Along with observing trees, I also observe the weather. I am an outdoors person, and I have very clear memories of hot and cold weather going back into my childhood. I remember clearly, for instance, Halloween in Pennsylvania compared with Halloween in Alabama: the temperature, the crispness of the air, the wind, the amount of light, and the clothes we were wearing. I also remember the summer weather. As a boy, I played outside every day during the summer. As a young man, I hiked in the woods and went on cycling trips in the summer. A few years later, I was a construction worker, working outside every day for over a decade and spending my weekends in the woods. Then, after I returned to teaching, I made long cycling trips during the summer.

People who spend most of their time air-conditioned indoors have said to me, "You really don't remember what the weather was like" or "You're getting older now and the heat bothers you more." But both statements are completely false. As to the second point, I have been staying in better condition since I returned to cycling in 1985, so I can ride in weather over 100°. While I never encountered such temperatures before the 90's, now I couldn't make my trips otherwise. Let's look at some specific changes in the weather that I have observed.

The Power of the Sun to Burn

First, I never used any suntan lotion before 1990. On some occasions, my skin would get red or peel, or my nose might give me trouble, but this was due to being out in the sun with no suntan at all. When I visited Canada in 1966, I noticed my tan disappearing and the sun only weakly drying my clothes; on the same trip, by the time I reached Iowa, I had a very deep tan (part of which might have been road dirt). In 1988, I discovered that I needed to wear a hat to keep my scalp from burning (largely due to hair loss). In 1990, I added a bandana to protect my ears which were burning and peeling, I used a sun block part of the time, and I started using a skin moisturizer. By my 1995 trip, I was using a sun block regularly, and in Canada at Espanola, my face was badly burned by the sun after I turned south. In 1997, even though I already had a good tan, I found myself being badly burned on October 10th, three and a half months after the sun reached it's highest point. Finally, I saw a good illustration of this burning potential while in Canada in the summer of 1998.  I ran out of sun block, so I decided to discontinue using it until I reentered the US. I had been using it on top of my arms and knees and my nose, even though all those areas had a deep tan and even though I was not riding between twelve and two o'clock (when the sun is most likely to burn). The result of not using the sun block was that the top of my arms became quite red and the top of my nose itchy on days with bright sun, even though I was north of Lake Superior. This problem of sunburning is somewhat different from but closely related to global warming. The ozone layer, which protects us against sun burn, has been badly damage by chloro-floro-carbons (such as Freon, used in air conditioners). These chemicals share some of the responsibility for global warming, and their use (or at least the use of Freon for air conditioners) has increased due to global warming. These observations of mine have been supported by magazine articles during the same period of time that have been warning about the increased danger of solar radiation due to the thinning of the ozone layer; in particular, they warn against the danger of skin cancer, recommend the use of a sun block, and recommend staying out of the noonday sun.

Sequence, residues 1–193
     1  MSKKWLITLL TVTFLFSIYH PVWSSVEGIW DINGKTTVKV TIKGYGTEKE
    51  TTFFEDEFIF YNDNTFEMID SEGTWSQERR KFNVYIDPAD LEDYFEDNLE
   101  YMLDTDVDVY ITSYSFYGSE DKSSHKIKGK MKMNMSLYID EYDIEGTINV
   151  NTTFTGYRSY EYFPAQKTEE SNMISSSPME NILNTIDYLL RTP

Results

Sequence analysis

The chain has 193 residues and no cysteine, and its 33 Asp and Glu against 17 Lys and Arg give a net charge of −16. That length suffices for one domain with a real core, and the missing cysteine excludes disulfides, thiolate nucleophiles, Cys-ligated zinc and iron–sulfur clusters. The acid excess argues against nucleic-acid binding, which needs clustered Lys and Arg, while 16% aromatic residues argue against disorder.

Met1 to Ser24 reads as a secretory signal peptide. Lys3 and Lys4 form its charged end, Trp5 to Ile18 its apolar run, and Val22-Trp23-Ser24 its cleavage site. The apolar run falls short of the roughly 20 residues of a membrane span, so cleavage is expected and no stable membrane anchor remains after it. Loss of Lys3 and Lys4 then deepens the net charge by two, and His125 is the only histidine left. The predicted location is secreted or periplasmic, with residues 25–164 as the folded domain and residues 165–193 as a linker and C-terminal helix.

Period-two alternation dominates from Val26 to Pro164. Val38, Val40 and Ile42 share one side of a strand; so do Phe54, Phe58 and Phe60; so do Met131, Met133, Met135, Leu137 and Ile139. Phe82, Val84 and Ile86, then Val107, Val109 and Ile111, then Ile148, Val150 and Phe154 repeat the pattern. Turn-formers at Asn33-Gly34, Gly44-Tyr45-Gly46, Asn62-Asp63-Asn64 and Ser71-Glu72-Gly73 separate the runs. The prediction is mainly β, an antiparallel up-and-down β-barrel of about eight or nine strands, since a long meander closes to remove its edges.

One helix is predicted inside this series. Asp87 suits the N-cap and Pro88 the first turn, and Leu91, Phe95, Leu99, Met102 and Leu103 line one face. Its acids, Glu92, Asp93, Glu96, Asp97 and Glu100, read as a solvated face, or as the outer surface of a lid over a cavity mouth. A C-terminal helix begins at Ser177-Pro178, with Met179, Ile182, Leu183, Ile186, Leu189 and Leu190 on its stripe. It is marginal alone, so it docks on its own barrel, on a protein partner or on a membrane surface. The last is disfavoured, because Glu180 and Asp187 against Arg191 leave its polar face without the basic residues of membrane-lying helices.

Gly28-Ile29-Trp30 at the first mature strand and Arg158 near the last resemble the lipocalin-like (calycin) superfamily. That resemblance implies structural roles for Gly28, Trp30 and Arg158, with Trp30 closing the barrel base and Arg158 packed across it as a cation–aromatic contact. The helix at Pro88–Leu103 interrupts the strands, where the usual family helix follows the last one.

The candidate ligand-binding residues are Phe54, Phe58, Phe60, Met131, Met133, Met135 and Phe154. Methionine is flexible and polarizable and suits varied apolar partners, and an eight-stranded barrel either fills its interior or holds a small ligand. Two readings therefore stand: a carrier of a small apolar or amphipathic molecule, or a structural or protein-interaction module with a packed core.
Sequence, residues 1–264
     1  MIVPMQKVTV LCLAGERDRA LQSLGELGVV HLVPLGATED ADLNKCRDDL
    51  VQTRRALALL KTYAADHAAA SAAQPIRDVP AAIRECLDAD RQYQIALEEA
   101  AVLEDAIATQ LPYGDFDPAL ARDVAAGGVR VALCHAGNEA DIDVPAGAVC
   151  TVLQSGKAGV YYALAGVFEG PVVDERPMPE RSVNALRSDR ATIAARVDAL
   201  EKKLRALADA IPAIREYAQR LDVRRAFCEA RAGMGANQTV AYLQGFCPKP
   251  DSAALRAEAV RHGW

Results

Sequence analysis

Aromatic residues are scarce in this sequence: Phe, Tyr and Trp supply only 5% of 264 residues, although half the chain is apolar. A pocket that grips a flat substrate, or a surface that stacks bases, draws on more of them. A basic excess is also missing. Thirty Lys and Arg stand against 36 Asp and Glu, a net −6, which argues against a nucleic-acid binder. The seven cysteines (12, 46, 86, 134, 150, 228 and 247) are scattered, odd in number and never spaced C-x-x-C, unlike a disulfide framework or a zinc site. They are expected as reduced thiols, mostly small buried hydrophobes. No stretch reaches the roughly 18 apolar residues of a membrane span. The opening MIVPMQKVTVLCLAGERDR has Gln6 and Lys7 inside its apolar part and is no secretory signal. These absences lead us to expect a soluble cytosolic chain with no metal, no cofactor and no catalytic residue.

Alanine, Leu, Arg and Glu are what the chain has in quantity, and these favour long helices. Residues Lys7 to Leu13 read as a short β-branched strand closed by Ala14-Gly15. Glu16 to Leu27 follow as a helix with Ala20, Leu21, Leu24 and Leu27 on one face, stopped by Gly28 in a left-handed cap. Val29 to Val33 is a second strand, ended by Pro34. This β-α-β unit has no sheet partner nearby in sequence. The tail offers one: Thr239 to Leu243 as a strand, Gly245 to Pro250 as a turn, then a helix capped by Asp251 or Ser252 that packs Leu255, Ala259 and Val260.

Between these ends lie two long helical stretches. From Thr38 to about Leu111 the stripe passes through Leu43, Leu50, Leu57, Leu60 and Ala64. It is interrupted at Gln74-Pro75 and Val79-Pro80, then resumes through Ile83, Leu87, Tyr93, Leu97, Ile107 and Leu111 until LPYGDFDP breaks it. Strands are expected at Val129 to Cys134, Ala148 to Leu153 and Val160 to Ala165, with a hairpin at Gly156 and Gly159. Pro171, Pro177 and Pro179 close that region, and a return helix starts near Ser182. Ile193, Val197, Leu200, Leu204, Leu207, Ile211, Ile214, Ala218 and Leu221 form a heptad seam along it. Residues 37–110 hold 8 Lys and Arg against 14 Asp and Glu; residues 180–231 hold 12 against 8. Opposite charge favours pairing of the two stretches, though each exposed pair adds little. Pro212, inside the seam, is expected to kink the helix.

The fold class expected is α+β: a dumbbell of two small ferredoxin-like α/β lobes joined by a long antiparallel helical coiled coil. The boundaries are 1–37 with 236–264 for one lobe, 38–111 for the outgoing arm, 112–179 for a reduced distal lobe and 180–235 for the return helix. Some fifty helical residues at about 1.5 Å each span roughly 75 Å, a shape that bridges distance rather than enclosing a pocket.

The Increase in Temperature

Second, the maximum temperatures have been much greater during this decade. I clearly remember heat waves from earlier years. On my bike trip in 1966, there was a heat wave in Minnesota that pushed temperatures up into the 80's. In Missouri on the same trip, temperatures in the 90's caused many deaths. People were scrambling to get air conditioners (mainly window units then) and brown-outs were the result. As a construction worker, I have also experienced several heat waves in Alabama: on one job, we were told that we could sit down whenever we wanted to. However, while temperatures could be miserable at times (temperatures in the 90's and humidity above 80%), I never encountered temperatures that were life-threatening for healthy adults until after 1985. In the '60's, I saw nothing unusual with beginning a bike trip in August, and I had no problem with heat on the trip. In the late 80's, I discovered that I could no longer bicycle in the early afternoon during the summer in Alabama, due to an exhausting heat. Heat has had these affects on me: in 1991, I experienced considerable diaper rash on a tour; in 1993, my stomach locked up, and I could barely drink fluids; in 1995, I found that I couldn't travel for more than 20 minutes or climb a hill; in 1997, I became heat sick when cycling after six o'clock in the afternoon. While I did not have a thermometer with me at the time, I would have to assume that the temperatures were in the high 90's or above on all these occasions; I was cycling yesterday in 98° weather, and it did not bother me at all. On my most recent trip, I encounter temperatures in the 90's and 100's on up into Canada, far north of Minnesota. My observations, that the hottest weather has become much hotter, then, are not based on minor, barely observable changes. These observations are supported by a report in Scientific American than the number of extremely hot days has increased (The article also explains why.  Note: a lot of the important material in this article is found within the charts).